One thing that I welcome about Plaid Cymru's approach to this year's conference has been an increased emphasis on policy. However I'm not sure we have quite worked out how to present it.
A perfect example of this is the announcement of a 20p/litre sugary drinks levy to fund 1,000 doctors.
It's a very clever idea, and on the face of it the sums appear to add up; but what is lacking is an actual set of figures to show how they add up. It isn't sufficient for Adam Price to say, as he does here, that the levy will raise between £50m and £60m.
What is needed is a simple, one-page calculation showing what is to be taxed, how much is consumed, and how much will be raised ... balanced against the cost of employing more doctors. This should be sent out in a press release on the day of the policy announcement, and downloadable from the Plaid website.
Hopefully this oversight will be corrected first thing Monday morning.
I can do some of the calculations here. The British Soft Drinks Association report for 2011 is here. On average, each person in the UK consumes 235 litres of soft drinks a year.
The question is how much of this can be described as sugary. Their breakdown is that 62% are "low calorie" or "no added sugar". But it should be noted that drinks such as pure fruit juices are naturally sugary, and that consumption of too much of what we tend to think of as "healthy drinks" also poses health risks in the form of obesity and diabetes. There are reports about it here and here.
Therefore I think it is reasonable to take the 38% of "regular" sugary drinks (89.3 litres per person per year) but add to it the figure for fruit juices and smoothies (19.0 litres per person per year) to give a minimum sugary drink consumption of 108.3 litres per person per year, or 330m litres total for Wales. At 20p a litre, this would raise £66m a year. The actual figure may well be higher than this, because we consume 23.4 litres per person per year of nectars and juice drinks, and a proportion of these will be naturally sugary.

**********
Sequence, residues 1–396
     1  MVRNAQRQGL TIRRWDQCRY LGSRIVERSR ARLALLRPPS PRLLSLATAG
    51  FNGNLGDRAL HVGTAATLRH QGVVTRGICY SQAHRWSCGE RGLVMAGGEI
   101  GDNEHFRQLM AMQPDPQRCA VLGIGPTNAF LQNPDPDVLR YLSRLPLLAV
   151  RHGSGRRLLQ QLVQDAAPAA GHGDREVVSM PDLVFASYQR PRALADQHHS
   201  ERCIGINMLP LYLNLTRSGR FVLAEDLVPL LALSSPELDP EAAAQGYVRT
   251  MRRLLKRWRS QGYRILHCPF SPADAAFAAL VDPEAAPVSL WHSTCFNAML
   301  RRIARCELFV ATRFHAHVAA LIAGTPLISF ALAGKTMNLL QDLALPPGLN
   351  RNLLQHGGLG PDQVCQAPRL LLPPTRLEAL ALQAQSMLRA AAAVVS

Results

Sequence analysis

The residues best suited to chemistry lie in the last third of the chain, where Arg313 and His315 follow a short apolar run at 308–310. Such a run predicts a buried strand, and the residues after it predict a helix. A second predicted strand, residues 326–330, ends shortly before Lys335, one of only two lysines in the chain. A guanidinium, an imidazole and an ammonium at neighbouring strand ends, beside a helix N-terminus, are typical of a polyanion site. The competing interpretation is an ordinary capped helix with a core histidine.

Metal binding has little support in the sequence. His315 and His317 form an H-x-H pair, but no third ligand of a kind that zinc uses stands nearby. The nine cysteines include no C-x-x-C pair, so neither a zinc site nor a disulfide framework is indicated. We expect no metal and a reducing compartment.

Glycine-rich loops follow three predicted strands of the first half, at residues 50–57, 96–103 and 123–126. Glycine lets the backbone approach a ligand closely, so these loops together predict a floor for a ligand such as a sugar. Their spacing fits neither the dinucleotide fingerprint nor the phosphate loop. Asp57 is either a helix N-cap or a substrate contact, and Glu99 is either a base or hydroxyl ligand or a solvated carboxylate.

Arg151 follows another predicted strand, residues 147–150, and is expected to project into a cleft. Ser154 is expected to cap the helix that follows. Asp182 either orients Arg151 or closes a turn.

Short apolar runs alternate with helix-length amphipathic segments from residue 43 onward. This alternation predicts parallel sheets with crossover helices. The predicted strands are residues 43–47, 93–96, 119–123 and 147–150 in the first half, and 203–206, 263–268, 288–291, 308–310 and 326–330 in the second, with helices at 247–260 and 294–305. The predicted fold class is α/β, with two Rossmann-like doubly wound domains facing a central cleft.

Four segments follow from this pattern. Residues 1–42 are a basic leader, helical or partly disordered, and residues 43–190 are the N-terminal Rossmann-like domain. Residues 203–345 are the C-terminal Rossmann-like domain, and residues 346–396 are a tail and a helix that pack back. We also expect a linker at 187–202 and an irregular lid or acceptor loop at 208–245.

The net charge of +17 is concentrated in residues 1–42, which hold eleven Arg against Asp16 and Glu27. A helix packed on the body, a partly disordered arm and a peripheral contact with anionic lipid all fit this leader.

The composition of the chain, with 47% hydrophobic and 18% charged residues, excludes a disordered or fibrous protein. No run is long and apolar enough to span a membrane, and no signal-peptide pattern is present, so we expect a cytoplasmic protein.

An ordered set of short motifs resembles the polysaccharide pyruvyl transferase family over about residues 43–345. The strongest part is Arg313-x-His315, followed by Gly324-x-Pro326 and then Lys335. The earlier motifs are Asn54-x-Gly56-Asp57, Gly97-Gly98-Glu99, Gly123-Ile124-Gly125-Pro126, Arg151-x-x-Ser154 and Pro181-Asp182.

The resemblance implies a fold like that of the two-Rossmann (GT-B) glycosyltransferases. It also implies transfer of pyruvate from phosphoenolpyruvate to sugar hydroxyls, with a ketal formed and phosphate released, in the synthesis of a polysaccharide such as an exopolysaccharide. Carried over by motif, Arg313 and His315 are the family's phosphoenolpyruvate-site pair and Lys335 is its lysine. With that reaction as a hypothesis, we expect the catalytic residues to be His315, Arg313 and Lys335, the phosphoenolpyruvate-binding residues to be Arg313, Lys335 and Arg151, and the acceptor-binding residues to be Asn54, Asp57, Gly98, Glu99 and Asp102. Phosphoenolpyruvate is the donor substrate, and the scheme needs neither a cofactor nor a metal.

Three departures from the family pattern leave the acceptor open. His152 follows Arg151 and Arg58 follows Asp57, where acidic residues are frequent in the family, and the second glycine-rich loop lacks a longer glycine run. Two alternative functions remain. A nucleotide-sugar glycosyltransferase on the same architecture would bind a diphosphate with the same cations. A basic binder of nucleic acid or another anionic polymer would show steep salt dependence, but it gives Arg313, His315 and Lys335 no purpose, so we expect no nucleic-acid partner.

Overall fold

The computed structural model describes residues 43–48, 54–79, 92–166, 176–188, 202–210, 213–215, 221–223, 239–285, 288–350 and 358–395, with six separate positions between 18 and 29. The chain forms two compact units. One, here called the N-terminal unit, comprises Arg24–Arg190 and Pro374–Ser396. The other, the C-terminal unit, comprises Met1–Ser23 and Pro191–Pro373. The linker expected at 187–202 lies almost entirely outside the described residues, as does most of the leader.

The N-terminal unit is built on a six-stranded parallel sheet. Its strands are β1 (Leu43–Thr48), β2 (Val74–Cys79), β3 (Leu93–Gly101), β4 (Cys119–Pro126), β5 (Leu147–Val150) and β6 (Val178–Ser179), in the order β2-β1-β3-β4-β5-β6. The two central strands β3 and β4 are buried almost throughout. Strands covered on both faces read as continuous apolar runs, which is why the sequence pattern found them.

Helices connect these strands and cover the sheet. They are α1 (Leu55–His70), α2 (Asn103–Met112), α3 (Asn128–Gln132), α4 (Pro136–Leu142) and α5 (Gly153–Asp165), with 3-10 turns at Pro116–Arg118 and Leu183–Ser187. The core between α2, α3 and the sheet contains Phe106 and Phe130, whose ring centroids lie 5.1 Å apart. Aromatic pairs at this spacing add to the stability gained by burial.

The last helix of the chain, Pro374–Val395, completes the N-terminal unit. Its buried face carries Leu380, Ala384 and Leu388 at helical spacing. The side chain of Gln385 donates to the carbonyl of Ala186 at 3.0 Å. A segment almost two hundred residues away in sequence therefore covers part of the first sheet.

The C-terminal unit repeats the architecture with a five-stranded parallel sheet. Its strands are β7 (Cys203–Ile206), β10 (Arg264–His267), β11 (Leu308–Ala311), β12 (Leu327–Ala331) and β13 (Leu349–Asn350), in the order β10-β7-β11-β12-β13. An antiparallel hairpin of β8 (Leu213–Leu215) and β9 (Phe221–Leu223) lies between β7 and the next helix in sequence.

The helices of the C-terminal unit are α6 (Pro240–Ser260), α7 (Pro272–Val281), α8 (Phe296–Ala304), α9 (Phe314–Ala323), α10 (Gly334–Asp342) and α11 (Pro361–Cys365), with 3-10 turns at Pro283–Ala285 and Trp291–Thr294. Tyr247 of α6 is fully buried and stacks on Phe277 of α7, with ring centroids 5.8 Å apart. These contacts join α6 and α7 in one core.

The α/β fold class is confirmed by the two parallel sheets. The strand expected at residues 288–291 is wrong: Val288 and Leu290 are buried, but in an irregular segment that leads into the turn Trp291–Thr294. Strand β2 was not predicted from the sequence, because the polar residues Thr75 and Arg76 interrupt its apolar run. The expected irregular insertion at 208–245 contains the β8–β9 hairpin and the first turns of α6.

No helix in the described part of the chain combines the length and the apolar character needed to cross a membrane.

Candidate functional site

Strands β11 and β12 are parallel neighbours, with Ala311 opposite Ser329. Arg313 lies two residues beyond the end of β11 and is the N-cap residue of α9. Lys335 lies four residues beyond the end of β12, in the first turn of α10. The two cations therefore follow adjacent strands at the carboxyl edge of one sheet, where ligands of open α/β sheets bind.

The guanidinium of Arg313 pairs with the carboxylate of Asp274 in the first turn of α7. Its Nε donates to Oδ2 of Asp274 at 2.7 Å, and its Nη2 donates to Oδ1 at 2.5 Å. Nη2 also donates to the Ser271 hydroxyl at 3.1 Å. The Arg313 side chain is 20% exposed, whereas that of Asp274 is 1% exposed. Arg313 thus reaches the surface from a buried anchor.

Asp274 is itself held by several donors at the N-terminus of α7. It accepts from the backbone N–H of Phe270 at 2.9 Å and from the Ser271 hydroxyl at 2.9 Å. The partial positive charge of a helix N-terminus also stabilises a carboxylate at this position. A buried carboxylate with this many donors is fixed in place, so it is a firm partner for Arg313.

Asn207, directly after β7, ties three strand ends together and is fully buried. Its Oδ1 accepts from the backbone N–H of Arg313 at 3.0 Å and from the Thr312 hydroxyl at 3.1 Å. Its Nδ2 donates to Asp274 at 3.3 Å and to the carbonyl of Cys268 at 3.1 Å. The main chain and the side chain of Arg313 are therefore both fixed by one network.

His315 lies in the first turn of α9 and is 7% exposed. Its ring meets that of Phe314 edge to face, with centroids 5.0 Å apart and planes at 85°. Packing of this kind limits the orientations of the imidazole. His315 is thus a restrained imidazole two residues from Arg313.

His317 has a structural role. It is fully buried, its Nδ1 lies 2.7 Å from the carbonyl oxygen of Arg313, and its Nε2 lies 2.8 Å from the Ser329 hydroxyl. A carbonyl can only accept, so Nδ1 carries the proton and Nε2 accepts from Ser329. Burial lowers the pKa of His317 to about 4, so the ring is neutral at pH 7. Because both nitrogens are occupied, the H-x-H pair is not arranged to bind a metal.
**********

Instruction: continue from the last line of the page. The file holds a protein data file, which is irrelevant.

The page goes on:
In other words, it looks as if Adam Price was underestimating rather than overestimating the money that would be raised. I think it's safe to say that the policy would raise over £70m, based on current levels of consumption. My guess is that Adam was taking reduced consumption into account.
The second part of the question is how much it costs to employ a doctor. There's a brief report on doctor's salaries here. More specifically, the Welsh figures are here. Without doing an exact breakdown, it would appear that an "average salary" is less than £40,000.
Of course there are additional employment costs in addition to salary, such as employer's NI and pensions contributions. It might well be that the figure of £83,000 quoted here is right, but it seems high and would therefore appear to cover other fixed costs which are probably already being paid for, even though the positions are vacant.
We should also remember that some of the current shortages in permanent doctors are being made up by expensive temporary and agency staff, and that there are significant costs in cancelling or postponing treatment because of lack of available staff. Both these costs would be saved, and these savings would therefore be added to the amount raised by the levy to fund the additional doctors.
All in all, the figures stack up according to the rough calculations I have just done. All that is necessary now is for Plaid to officially publish a similar document. Quickly.